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Crisis Intervention Team (CIT) Training


WHAT IS CIT? The Georgia Crisis Intervention Team (CIT) Program is a collaboration of professionals committed to assisting persons with behavioral health disorders (mental illnesses, developmental disabilities, Alzheimer’s disease and addictive disease).

This collaboration includes local members of the National Alliance on Mental Illness (NAMI), mental health service providers, individuals in mental health recovery, family members, law enforcement officers and members of the judicial system.

Georgia CIT Brochure

CIT International Website – Get Involved with CIT


  •  Train law enforcement officers to safely respond to persons in behavioral health crisis.
  •  Protect the rights of people with behavioral health disorders.
  • Ensure that people with behavioral health disorders receive treatment in lieu of incarceration, when appropriate.
  • Improve the quality and quantity of behavioral health services.
  • Promote training for criminal justice system personnel on mental illnesses, developmental disabilities, Alzheimer’s disease, and addictive disease.


The mission of the Georgia Crisis Intervention Team Program is to equip Georgia law enforcement officers with the skills to recognize and assist people with behavioral health disorders in crisis, thereby advancing public safety and reducing stigma.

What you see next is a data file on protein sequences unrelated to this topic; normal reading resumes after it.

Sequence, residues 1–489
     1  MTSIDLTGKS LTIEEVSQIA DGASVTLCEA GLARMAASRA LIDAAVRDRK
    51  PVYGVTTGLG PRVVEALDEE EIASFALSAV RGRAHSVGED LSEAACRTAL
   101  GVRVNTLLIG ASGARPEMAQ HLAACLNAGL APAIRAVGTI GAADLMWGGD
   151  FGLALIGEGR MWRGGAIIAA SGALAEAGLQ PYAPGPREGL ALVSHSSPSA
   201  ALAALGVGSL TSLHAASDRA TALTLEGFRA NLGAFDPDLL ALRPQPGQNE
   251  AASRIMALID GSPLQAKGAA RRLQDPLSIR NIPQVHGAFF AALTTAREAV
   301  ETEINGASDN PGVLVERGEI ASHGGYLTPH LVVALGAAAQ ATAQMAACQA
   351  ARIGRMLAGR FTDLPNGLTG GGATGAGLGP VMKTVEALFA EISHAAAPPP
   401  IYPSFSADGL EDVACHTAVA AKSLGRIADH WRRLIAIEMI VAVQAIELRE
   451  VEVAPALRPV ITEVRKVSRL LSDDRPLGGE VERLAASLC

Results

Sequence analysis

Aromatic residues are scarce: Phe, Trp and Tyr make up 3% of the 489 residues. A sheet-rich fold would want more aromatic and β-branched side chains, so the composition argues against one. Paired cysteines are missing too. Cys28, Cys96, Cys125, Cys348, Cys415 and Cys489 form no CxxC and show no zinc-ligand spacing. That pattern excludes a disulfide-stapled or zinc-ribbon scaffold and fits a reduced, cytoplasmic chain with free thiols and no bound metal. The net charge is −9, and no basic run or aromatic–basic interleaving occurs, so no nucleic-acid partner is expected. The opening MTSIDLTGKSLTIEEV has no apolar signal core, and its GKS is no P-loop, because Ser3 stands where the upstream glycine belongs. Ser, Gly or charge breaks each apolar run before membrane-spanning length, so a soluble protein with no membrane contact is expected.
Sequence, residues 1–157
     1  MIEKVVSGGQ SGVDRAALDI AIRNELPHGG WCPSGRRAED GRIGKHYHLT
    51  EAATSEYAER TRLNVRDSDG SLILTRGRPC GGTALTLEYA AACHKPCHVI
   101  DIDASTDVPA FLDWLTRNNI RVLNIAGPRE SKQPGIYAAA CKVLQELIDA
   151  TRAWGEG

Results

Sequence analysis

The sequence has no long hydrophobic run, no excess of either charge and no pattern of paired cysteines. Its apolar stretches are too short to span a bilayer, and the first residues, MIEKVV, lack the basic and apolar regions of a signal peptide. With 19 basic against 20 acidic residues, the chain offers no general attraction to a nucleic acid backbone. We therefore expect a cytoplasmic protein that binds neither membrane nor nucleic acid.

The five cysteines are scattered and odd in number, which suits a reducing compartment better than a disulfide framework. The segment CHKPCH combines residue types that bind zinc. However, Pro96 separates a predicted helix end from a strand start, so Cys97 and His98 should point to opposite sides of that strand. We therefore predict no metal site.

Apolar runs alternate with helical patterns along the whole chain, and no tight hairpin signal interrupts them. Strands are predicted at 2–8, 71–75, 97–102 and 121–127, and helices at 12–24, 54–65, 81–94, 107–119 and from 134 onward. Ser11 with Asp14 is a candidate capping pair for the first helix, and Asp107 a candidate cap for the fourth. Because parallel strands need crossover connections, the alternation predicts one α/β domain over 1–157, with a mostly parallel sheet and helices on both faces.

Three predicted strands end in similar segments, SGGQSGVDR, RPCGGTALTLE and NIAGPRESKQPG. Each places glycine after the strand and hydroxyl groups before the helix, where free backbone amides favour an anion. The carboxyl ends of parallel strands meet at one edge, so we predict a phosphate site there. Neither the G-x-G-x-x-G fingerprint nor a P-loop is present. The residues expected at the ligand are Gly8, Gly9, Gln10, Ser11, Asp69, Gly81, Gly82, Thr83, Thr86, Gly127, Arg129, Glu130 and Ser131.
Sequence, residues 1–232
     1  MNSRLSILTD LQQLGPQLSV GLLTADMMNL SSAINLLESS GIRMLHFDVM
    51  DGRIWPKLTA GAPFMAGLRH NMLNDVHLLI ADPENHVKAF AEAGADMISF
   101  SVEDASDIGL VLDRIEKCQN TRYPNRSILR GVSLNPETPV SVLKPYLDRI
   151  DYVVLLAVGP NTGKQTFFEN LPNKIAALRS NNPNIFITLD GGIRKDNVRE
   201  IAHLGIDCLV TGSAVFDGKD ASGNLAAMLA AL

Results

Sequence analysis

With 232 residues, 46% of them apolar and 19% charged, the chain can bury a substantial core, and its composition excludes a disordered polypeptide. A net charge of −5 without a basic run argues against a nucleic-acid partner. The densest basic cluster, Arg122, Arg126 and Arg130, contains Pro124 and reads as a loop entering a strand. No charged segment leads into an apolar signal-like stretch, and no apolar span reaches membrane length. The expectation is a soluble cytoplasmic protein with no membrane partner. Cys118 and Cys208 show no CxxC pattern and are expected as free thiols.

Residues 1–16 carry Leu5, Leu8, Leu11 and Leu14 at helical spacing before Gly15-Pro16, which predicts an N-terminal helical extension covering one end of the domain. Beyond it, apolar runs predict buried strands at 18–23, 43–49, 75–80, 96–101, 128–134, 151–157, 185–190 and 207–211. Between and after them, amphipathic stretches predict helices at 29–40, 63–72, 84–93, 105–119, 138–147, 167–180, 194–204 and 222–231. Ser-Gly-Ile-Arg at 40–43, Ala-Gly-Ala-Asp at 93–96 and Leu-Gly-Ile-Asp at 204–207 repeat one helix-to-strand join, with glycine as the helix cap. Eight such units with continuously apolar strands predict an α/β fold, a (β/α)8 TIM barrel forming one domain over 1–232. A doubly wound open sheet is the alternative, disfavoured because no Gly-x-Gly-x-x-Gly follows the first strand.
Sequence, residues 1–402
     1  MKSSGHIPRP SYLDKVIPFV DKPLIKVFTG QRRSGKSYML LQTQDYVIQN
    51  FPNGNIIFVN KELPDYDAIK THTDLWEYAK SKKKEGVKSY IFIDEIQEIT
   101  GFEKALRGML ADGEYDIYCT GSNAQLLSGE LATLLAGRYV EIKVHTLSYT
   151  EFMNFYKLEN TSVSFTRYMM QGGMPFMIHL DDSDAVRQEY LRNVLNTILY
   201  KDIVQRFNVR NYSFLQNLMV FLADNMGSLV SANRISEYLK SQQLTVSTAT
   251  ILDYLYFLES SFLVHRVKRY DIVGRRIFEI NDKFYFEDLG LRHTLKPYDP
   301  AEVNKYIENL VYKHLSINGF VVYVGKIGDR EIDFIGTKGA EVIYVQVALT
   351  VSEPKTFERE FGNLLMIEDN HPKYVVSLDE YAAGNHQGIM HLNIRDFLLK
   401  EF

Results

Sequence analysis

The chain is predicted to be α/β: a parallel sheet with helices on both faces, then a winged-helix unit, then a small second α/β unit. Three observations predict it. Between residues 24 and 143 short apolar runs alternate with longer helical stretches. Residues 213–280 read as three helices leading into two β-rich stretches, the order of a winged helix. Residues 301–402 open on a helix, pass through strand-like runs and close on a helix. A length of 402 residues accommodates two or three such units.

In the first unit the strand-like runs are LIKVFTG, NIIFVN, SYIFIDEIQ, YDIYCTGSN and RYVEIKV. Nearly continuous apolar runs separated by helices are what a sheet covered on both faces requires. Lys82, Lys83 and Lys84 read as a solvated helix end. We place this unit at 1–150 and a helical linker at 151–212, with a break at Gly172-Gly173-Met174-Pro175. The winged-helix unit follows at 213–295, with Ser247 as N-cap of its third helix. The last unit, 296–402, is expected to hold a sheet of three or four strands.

The Georgia Crisis Intervention Team Program is committed to assisting persons with behavioral health disorders in every Georgia community, with a goal of having at least one trained officer each shift in every law enforcement agency in Georgia.

As a part of the continuum of care, CIT is a central member of a team of community stakeholders working to build and provide sustainable infrastructures that offer an array of supports, services and resources that promote mental wellness and recovery. The most important aspect of the CIT Program is the training provided to law enforcement officers on effectively and humanely interacting with persons with behavioral health disorders.

The training is a 40-hour, five day curriculum that is approved by the Georgia Peace Officers Standards and Training (P.O.S.T.) Council. It is comprised of both classroom instruction and practical exercises delivered by mental health professionals, other subject matter experts and CIT law enforcement instructors.

The class features clinical classroom instructions, practical de-escalation role play exercises, lived experiences of consumers and family members, and site visits to local emergency receiving facilities, state psychiatric hospitals and other treatment, recovery and support facilities.

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